[Coral-List] Algae and nutrients and herbivory in oligotrophicwaters

Julian Sprung julian at tlfusa.com
Sat Jun 21 18:33:43 EDT 2008

Hi Don,

I want to point out the the "green filamentous" alga shown at the link below is also a cyanobacterium.


-----Original Message-----
From: coral-list-bounces at coral.aoml.noaa.gov on behalf of Don Baker
Sent: Fri 6/20/2008 5:37 PM
To: atolldino at yahoo.com
Cc: coral-list at coral.aoml.noaa.gov
Subject: Re: [Coral-List] Algae and nutrients and herbivory in oligotrophicwaters
Hi Dean,

Very interesting observations!  And worth to well note for perhaps future anthropomorphic coral restoration methodology rather than just  wait and see what the ecosystem does to repair itself despite human affection - however meant to be beneficially applied.

Can you (and Coral-L members) please take a look at this web page and look-see the Gallery:


This is a serious eutrophication situation that basically affects the entire coral reef platform from Talofofo Bay inlet to Ylig Bay inlet, whereas, it has been blamed primarily from the Baza Gardens wastewater treatment plant discharge into the Togcha River. (Forgive me for noting areas that you may not know their locations..but to make a point here)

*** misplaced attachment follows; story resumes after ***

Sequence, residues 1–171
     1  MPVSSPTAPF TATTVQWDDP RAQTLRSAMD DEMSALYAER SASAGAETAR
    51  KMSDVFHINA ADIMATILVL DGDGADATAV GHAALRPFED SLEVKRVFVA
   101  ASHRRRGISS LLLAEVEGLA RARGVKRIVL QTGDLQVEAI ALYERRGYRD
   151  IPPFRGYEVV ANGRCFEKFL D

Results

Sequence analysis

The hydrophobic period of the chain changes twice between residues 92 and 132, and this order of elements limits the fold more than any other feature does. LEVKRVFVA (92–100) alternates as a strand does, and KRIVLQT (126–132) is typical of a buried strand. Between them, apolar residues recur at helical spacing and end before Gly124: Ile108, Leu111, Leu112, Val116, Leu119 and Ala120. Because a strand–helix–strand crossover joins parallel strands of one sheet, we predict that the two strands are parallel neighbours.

Interjection here:  By the way, can anyone ID the blue-green alga in the photos please? 

The volume reported to be discharged from the Baza WWTP after secondary treatment is an average of .6 mil g/day.  I have walked the river that receives the discharge and I am not convinced that it's Only the Baza WWTP the source of nutrients feeding the reef platform.  In fact, I feel the B-WWTP is a minor contributor if secondary treatment is correctly applied (removal of 50% Nitrate load; 30% Phosphate load).

The entire Talofofo region and Ipan area exists on top of a large limestone section of MARIANA LIMESTONE (Pliocene to Pleistocene), whereas, existing on this section there are 3 golf courses and a 4th in the planning stages, Windward Hile/Baza Gardens residential housing; Talofofo residential housing, and Ipan residential housing.   A quick assessment for the volume of freshwater utilized by this region is enormous when considering the golf courses a part of it.


Hydrologic Resources of Guam
Prepared in cooperation with the
U.S. Department of the Interior
Gingerich-- Hydrologic Resources of Guam -- WRIR 03-4126
By Stephen B. Gingerich
U.S. Geological Survey Water-Resources Investigations Report 03-4126

Only a minor area uses the Baza WWTP and .6 mil g/d is minor when assessing the areas using old septic tanks (those without bottoms) and newer septic tanks with bottoms & leach field discharge.

A recent reef platform survey (with underwater photos) shows that the entire reef platform has substantial and thick growth of the blue-green alga in various locations where there are sandy bottoms and no exposed coral / limestone base rock....as well as gross overgrowth of the typical macro-alga (notably Caulerpa, Padina).  On two locations on this same reef platform, my partner and I could actually smell 'sewer water' in areas of the cooler freshwater discharging up from the reef platform.   

My point in all this?